Separation and divorce are difficult for everybody. Often parents can get stumped on how to explain such a big idea to their children, especially if they’re very young. Bibliotherapy or the use of books (or other forms of literature) for healing in mental health is one of my go-to approaches when explaining complex emotions to my younger clients. Using children’s books about divorce can be a great tool to help them understand the transition in their family and open the door for you to start a conversation with them. It gives reassurance that what they are going through is completely normal and explains the process in age-appropriate language. These books are my top choices for explaining divorce to children. Full disclosure: post contains affiliate links.
Addison’s parents go through a divorce and end up living in two homes. It helps children understand that even though they may live in separate homes or have two sets of their belongings, it’s not because of them. The book sends a message that even if two parents don’t always get along, they both love their child unconditionally.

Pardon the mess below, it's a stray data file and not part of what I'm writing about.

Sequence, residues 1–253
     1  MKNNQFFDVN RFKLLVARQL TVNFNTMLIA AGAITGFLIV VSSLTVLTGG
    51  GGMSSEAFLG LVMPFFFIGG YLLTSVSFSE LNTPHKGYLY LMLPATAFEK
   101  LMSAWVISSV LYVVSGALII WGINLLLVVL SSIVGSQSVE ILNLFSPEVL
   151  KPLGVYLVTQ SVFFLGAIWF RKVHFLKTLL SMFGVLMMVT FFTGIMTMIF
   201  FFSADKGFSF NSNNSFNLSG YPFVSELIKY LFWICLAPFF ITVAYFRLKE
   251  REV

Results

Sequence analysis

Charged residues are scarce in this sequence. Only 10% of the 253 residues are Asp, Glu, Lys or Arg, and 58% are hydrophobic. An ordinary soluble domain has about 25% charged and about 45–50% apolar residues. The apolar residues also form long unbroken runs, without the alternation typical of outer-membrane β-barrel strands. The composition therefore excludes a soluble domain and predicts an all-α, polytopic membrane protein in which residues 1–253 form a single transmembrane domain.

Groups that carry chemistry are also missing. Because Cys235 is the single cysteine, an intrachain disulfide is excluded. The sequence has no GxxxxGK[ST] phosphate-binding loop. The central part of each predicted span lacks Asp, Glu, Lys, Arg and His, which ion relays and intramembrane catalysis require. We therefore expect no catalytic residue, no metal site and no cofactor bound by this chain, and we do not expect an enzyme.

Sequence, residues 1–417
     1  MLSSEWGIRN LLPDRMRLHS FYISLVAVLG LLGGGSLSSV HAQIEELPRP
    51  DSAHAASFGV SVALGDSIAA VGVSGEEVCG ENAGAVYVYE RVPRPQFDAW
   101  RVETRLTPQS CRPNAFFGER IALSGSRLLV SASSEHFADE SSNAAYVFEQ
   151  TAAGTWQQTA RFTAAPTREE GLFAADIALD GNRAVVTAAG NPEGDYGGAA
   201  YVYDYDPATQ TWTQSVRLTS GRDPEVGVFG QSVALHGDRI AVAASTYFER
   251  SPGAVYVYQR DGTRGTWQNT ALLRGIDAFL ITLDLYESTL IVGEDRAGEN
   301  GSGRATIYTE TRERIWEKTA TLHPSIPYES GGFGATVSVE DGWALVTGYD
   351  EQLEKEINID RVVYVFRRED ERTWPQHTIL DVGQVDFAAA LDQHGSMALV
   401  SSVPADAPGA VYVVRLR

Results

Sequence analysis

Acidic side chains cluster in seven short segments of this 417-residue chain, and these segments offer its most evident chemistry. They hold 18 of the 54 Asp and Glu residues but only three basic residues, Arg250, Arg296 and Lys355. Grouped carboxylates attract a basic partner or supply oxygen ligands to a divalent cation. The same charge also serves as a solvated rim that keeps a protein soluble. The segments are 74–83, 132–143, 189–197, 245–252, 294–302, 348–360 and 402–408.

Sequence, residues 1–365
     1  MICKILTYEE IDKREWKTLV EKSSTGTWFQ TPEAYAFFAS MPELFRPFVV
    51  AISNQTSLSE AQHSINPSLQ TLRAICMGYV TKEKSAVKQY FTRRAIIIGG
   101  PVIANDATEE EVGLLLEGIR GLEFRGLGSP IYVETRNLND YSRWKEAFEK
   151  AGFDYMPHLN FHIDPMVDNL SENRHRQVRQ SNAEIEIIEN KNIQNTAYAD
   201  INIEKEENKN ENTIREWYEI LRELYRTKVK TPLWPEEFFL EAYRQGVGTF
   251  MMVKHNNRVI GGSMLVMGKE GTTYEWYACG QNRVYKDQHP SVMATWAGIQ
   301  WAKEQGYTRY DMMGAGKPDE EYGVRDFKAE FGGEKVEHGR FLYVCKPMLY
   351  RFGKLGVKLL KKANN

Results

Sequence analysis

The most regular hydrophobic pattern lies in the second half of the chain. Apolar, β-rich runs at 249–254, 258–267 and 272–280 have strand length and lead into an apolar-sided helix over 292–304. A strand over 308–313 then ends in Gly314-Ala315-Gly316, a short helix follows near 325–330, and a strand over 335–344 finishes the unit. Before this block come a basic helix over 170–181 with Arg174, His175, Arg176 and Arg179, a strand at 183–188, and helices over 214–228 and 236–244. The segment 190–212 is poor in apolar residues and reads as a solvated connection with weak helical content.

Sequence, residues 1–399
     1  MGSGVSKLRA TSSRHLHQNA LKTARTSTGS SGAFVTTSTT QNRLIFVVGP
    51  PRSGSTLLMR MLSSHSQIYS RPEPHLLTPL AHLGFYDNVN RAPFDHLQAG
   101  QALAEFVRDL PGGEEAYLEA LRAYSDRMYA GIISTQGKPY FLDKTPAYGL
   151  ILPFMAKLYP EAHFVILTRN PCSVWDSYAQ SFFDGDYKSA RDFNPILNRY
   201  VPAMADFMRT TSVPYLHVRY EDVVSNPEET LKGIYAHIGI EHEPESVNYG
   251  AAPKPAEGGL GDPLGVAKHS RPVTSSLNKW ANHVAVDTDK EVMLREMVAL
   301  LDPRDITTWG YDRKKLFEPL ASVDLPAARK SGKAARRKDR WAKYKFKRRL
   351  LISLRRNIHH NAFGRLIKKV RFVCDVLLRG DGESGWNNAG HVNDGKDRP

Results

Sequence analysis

Jake arrives at Planet Dad to find out that his dad has a new partner, a space alien! I like this book because the alien’s gender/race/ethnicity is not specified so dad’s new partner could be anyone that fits your situation. It also helps that dad’s new partner is a space alien or an invader, which is what most children feel when a new person joining the family.
This is an older book, but I still use it in my practice. It helps normalize the divorce process. It also has more information about why parents divorce and what it might be like for the child from now on (living in two homes, holidays, stepparents/stepsiblings).
Two homes is a positive book that reframes divorce as a good thing. It helps children see the positive side of things (two sets of things, two friends in different neighborhoods, two places to feel loved. Even though they will be living in two homes, each home is has everything the child needs to be cared for and loved.
Now, most of these books focus on all the positive things that can come from a divorce, but none have validated how the child could be feeling. When the child is still upset, we can’t expect them to feel happy or good about having two homes or two toothbrushes. This book does a great job of being honest in reflecting on how the child could be feeling at this particular moment.
This book is good for very young children as it keeps the story very simple. The girl in the story explains that her parents do not live together anymore. It’s in a flap book format so the child can lift to see the differences between living with mom and dad.